At some stage in our lives, both men and women will experience the onset of gray hair. Contrary to popular belief, gray hair isn’t always an indicator of the twilight phase of your age. Gray hair can occur as young as in our teens and range into our late 50’s or even older.
So, just like skin, hair changes its texture with age. Basically, the human body has millions of hair follicles. These follicles generate hair and color or pigment cells that contain melanin. Over time, hair follicles start losing pigment cells, leading to white hair color. So, hair doesn’t actually “turn” gray. When a single strand of hair starts out brown, black, red or blonde, the color has already been set and it is never going to turn gray.
Many women proudly sport those changes in their silver mane, while others wait anxiously for gray hairs to appear. So, whether you are in your early 20’s or late 50’s, greying hair will always come as a subtly veiled nightmare which reminds us of how fast time is passing by.
What causes gray hair?
Science of grays
Initially, your hair is white. It’s your hair follicles called “Melanocytes” which generate Melanin, a pigment which gives our hair its color. So, the more melanin is produced, the darker the hair color; the less melanin, the lighter the hair color.
As you age, pigment cells start to die, meaning follicles stop producing melanin. Without melanin, new hair strands will grow transparent. It’s your dark healthier hair that gives the new strands the appearance of gray hair. So, blame your gray hair to the melanocyte stem cells (MSC) failure.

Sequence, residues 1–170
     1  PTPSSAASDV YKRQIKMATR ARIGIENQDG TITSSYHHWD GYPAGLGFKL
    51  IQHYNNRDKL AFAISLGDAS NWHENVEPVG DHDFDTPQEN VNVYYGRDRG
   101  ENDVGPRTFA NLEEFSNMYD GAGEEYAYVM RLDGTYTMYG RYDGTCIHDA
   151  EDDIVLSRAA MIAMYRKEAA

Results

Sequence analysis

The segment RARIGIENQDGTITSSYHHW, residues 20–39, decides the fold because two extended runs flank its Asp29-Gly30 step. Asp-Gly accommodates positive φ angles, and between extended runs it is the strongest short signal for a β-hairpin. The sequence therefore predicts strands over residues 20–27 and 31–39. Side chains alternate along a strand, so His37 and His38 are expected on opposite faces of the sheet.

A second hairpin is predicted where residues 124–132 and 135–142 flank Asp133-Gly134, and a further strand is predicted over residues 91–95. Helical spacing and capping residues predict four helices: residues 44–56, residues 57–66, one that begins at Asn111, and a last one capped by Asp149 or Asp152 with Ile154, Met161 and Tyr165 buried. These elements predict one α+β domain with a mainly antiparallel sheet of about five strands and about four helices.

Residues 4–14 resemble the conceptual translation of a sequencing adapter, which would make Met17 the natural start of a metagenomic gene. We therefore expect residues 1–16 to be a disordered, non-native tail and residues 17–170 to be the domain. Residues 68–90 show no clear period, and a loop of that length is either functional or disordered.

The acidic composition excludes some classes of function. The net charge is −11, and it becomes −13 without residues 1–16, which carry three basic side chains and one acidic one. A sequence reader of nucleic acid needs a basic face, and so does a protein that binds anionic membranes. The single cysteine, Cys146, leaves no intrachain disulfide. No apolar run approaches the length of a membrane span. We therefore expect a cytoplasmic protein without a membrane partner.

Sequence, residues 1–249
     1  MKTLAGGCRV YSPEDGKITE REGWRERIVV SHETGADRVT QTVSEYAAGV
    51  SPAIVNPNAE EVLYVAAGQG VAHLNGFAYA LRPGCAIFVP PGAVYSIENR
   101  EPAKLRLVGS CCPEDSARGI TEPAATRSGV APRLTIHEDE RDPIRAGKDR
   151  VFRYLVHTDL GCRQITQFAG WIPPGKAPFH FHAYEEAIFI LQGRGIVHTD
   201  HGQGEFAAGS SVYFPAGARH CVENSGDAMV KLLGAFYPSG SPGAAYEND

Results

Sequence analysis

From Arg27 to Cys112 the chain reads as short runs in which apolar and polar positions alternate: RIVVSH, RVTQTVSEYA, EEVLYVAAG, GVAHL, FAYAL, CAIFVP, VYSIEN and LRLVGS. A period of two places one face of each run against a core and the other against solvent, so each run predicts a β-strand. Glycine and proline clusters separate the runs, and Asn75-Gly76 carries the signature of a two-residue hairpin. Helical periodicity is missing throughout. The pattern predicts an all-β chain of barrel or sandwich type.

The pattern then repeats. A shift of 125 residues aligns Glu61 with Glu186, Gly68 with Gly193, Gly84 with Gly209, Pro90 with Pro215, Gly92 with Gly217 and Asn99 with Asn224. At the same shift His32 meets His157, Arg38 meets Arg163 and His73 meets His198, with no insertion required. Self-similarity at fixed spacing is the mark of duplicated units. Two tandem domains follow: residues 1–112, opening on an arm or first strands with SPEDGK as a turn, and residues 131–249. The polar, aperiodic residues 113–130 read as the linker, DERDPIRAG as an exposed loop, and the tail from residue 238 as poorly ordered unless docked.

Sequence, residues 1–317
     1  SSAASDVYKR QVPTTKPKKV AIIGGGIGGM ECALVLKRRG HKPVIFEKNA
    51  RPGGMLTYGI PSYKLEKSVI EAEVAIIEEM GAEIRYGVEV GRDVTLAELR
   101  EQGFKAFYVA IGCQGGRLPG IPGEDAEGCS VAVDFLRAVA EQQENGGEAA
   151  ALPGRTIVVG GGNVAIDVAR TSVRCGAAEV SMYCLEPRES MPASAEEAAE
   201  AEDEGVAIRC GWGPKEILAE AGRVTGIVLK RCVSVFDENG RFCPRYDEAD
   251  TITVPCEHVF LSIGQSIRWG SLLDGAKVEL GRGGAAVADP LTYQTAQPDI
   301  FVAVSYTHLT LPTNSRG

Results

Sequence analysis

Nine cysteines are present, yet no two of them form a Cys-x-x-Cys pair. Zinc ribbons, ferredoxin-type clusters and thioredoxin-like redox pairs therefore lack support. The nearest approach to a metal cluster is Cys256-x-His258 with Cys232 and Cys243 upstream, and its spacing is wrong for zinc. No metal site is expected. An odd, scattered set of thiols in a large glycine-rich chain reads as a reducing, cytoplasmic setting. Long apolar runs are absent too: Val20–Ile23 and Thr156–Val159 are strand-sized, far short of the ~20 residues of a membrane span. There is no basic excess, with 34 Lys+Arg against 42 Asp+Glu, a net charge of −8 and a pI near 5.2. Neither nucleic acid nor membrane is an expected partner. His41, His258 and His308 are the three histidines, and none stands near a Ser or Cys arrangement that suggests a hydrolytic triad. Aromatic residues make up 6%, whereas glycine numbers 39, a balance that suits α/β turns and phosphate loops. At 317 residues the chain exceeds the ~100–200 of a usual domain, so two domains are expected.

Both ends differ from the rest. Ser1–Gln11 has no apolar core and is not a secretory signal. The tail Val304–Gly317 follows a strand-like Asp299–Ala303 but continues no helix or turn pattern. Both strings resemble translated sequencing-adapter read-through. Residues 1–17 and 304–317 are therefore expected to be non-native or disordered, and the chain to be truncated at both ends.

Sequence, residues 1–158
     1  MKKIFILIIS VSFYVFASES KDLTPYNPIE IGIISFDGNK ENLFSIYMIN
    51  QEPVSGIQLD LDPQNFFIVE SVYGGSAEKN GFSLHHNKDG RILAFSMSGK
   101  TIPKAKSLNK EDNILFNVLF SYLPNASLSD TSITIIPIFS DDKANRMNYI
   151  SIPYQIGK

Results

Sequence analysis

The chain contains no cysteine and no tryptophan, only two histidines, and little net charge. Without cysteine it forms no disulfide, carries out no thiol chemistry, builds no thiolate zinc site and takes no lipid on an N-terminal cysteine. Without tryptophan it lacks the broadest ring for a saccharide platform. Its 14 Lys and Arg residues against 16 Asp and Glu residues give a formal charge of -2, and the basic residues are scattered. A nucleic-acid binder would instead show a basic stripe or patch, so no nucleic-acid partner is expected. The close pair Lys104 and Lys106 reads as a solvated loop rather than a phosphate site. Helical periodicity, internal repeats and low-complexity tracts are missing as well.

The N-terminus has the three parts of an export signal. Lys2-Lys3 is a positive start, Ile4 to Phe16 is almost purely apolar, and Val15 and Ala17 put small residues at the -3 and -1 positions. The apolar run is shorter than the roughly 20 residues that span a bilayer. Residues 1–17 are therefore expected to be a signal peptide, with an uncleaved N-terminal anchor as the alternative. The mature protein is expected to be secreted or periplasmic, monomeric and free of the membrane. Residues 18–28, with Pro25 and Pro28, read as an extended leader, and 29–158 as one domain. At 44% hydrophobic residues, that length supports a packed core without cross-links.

If there is more salt than pepper present in your hair, that’s the reminder that you are no longer young. Whether you decide to focus on the salt and accept the nature’s inevitable laws or the pepper side calls to you, it’s a part of life and a beautiful part of it.
But if you have ever wondered what actually causes gray hair, let’s get to the silvery root of it all below:
One thing that gray hair indicates is our biological age. Okay, no surprise here. Typically, people start growing gray hair at their mid-30s. As we mentioned above, there is the 50-50-50 rule, as by the age of 50, 50% of the population has about 50% gray hair.
So, as you grow older, your hair follicles produce less melanin, until there is no pigment at all. With less melanin production, hair will still continue its natural cycle of dying and regenerating, except now your new strands of hair will be colorless.
2. Heredity (Genes)
Gray hair is an inherited trait, so if you have come to the graying game, blame genetics as well. If your mom or dad went gray at a young age, the chances for you to suffer from premature gray hair are higher. Same goes if your parents didn’t see grays until much later in life. Most likely you won’t experience gray mane either.
This means that it just happens because it’s a commonality within your family genes. So, to get a hint on when graying will occur, look at your family and see if it matches with your timeline.
Another factor which plays a vital role in the aging process is also ethnicity, also referred to as your ‘ethnic background.’